] – insulin (and inflammatory mediators) would suppress its activity. Hence, PPARs, by suppressing oxidative stress and improving insulin action, can prevent this from happening.
The out of control 'thrifty' response: new lifestyle, old genes – a modern PPAR imbalance
It is now well accepted that "modern epidemics" such as obesity, the metabolic syndrome, and type 2 diabetes reflect that the modern human is simply "drowning in a sea of saturated fats". It is generally thought that this is due to a ancient genotype being exposed to a modern environment. Thus, if we accept that we are simply "Stone Agers in the fast lane" [115
], we need to rebalance our systems, either artificially or naturally, to protect us against the ravages of modern living and to slow the aging process. For instance, evidence suggests that dietary manipulation to increase the polyunsaturated/saturated fat ratio can be advantageous [116
], and the benefits of physical activity are well known, including the ability to delay and prevent type 2 diabetes [119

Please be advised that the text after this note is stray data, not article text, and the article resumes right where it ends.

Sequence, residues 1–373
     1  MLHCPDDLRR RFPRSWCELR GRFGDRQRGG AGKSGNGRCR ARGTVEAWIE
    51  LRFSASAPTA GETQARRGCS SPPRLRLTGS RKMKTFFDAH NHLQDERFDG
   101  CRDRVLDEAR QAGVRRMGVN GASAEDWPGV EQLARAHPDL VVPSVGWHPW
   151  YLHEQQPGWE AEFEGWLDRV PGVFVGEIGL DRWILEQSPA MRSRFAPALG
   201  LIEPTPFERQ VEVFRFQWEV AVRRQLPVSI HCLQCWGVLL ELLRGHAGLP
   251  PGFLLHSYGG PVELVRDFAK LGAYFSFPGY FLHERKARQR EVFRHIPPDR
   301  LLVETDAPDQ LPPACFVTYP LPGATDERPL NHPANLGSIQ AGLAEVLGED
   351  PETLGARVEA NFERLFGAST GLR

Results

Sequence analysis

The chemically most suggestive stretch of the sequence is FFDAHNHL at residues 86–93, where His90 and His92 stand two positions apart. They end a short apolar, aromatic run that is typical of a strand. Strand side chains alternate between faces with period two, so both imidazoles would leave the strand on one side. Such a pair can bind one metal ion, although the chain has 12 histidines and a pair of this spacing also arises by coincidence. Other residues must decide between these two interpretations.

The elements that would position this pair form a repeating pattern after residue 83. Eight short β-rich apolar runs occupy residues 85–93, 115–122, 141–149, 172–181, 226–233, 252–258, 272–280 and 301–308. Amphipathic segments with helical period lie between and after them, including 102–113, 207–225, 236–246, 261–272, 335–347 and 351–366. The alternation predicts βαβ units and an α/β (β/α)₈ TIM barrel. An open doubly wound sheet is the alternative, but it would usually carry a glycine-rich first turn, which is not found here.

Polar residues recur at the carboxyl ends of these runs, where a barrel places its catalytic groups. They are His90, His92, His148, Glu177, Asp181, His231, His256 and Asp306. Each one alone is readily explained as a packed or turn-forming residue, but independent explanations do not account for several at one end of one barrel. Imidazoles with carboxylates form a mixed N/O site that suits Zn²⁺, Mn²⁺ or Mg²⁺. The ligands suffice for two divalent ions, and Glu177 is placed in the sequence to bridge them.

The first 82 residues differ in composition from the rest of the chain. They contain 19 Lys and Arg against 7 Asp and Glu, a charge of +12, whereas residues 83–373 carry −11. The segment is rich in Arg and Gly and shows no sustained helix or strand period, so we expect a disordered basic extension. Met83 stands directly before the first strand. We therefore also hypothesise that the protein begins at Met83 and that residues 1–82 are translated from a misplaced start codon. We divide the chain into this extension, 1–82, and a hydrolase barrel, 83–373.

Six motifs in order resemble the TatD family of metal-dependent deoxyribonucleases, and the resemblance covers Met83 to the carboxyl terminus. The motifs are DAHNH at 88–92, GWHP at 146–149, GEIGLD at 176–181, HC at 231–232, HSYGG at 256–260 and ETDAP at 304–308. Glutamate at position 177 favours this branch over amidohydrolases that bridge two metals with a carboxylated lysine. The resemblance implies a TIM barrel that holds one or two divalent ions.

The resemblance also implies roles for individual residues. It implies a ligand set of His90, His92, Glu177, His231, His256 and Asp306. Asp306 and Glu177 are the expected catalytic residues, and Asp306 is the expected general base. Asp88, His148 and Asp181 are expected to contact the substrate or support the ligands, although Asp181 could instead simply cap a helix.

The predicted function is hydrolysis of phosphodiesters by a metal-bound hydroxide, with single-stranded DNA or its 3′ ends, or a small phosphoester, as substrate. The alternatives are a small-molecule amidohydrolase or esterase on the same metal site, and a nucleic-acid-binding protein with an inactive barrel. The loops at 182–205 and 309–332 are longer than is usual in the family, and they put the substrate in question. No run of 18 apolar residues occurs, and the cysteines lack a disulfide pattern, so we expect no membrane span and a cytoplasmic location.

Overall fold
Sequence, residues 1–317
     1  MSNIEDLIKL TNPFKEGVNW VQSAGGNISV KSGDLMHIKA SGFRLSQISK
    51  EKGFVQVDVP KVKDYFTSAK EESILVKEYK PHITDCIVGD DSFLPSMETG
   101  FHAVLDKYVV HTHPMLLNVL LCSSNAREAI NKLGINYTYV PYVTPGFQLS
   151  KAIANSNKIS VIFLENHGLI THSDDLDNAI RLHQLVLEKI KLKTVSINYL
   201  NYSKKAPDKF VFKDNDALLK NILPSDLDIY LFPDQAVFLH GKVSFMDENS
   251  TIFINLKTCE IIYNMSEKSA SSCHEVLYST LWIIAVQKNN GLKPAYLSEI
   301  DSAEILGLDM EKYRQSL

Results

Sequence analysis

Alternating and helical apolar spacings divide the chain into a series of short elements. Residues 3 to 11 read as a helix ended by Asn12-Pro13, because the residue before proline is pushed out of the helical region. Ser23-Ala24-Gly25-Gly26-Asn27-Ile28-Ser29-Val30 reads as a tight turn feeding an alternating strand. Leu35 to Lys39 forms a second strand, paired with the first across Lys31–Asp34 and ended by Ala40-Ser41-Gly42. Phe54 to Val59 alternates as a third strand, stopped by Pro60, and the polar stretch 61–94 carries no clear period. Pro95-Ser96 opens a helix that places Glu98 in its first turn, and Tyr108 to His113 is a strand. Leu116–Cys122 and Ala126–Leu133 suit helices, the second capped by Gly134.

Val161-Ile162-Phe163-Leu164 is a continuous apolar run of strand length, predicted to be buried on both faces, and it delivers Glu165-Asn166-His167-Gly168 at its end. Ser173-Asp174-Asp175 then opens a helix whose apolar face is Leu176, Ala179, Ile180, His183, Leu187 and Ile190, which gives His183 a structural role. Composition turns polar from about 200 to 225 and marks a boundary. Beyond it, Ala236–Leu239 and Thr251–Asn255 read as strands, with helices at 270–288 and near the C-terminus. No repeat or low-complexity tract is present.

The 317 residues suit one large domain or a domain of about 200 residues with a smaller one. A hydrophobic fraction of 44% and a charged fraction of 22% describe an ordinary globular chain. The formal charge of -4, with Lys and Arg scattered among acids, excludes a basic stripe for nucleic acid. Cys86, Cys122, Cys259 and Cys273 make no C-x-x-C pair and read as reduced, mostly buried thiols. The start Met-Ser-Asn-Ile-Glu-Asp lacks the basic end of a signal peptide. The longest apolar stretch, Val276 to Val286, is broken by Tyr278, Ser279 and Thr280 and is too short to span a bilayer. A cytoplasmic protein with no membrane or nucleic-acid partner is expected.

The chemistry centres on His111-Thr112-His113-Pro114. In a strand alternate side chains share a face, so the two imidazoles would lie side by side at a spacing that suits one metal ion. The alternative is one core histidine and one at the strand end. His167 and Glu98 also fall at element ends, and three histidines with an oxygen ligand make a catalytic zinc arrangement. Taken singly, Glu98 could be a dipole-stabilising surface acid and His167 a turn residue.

]. One might argue, however, that sections of the population exhibiting the "thrifty genotype" may be especially at risk and need to dramatically change their diet and lifestyle in order to optimize their functional longevity. In many respects, the long-lived calorie-restriction phenotype is the complete opposite of the shorter-lived metabolic syndrome phenotype. Evidence suggests that our ancestors did not often live much beyond the age of 40, so an ability to store fat quickly, which accentuated the potency of the innate immune – was never really a problem in the long term: it is probably an example of 'antagonistic pleiotropy', which gave a survival advantage while young, ensuring reproductive success.